Needless to say, archaeology did not quite meet my expectations. I don't consider this a strike against my digging experience at all, but against my preconceived ideas of what it would be like. It was hard work, but the ache in my muscles as I crashed into my bed every night was a testimony to my investment in the dig. There is something infinitely satisfying about going to bed both body- and mind-tired, knowing that your entire self has been poured into a work that you care about. Hauling gigantic rocks out of my square was some of the most difficult work I've done, but surveying the pile of rocks triumphantly has been one of my proudest moments.

The hard work was well worth it, not only in an esoteric or community-driven sense, but for my own personal experience. I learned about the process of archaeology and the tools required, and a great deal about the history of the area as well the Late Islamic Period. Still, the media- (or perhaps National Geograhic-)saturated Sarah was hoping for some magnificent find reminiscent of a Lara Croft or Indiana Jones adventure.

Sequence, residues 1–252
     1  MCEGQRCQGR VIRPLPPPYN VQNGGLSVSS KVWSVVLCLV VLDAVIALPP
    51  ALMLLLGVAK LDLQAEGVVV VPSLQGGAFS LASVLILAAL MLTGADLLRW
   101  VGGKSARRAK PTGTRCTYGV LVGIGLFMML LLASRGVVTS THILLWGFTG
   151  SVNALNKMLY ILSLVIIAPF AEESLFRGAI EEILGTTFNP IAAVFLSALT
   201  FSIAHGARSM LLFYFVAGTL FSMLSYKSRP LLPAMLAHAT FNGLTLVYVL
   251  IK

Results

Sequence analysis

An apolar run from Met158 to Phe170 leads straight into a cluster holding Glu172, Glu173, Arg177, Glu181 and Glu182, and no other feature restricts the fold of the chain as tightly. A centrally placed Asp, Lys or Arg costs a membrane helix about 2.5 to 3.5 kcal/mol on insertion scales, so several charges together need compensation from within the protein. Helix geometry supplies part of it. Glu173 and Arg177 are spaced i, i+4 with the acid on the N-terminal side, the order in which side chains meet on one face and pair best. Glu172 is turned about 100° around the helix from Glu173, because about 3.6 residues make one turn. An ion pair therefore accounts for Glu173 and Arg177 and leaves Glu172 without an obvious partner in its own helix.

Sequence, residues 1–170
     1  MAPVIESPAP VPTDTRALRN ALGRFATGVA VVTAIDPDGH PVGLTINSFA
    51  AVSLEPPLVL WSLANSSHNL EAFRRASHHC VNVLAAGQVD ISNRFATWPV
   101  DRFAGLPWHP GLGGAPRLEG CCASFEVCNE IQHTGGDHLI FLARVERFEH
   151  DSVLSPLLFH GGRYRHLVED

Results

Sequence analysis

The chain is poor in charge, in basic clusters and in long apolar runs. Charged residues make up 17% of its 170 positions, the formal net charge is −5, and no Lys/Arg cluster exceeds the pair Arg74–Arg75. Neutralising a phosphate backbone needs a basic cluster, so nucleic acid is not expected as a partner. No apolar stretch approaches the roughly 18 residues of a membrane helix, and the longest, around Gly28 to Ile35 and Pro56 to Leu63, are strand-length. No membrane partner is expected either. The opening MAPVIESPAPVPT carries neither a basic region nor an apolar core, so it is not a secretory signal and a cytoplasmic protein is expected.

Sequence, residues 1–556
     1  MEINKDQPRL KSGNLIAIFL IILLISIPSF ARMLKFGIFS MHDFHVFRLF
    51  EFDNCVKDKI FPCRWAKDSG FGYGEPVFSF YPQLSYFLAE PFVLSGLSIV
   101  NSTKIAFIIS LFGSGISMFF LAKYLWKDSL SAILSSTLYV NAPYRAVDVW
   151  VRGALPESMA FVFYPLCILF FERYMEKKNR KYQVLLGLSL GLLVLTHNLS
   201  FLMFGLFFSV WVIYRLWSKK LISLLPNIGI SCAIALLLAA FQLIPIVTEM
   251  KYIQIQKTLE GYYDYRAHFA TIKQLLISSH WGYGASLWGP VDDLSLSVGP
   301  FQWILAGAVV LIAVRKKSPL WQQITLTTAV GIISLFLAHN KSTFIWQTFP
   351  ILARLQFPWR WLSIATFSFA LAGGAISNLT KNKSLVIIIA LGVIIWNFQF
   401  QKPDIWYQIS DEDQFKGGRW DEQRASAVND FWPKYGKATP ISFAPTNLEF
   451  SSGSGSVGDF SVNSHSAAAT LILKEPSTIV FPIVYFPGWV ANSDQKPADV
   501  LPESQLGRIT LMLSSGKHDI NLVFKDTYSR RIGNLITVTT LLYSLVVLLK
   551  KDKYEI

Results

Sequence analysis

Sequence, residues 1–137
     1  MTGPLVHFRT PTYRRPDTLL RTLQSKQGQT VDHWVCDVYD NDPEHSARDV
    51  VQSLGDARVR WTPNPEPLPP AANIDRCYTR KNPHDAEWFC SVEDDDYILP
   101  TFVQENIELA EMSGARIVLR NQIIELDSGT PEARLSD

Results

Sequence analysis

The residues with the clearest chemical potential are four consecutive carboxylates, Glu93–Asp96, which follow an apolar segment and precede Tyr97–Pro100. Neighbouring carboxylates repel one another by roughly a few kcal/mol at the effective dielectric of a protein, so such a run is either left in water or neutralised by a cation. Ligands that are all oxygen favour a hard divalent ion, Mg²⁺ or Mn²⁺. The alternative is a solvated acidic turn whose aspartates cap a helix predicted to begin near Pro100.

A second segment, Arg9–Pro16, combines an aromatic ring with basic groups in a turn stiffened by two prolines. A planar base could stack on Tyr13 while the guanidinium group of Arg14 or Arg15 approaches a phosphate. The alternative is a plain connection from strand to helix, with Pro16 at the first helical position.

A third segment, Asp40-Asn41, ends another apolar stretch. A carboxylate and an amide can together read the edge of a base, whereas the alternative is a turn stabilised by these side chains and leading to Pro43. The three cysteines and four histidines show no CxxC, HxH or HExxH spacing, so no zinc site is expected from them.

I finally got my glorious moment upon uncovering an 12th-13th century oil lamp in an area that was supposed to be uninhabited by the 11th century. Shouting "YOPHI!" ("beautiful!") upon finding an artifact had become something of a joke among the volunteers. I finally had my own turn to whisper, "yophi," as I brushed around this lamp and began recognizing its intact shape, despite its location beneath a collapsed wall. I am willing to accept that perhaps it wasn't quite as epic as finding the ark of the covenant. Still, the excited look on my dig director's face as she tried to reformulate her ideas about the history of the mosque complex made me feel it was just as significant...however illogical that may be.

Was it fun? Sometimes, but most certainly not always. But was it fulfilling, significant, enriching, stretching? Oh, yes. Yes, it was.

The thing to remember about fathers is...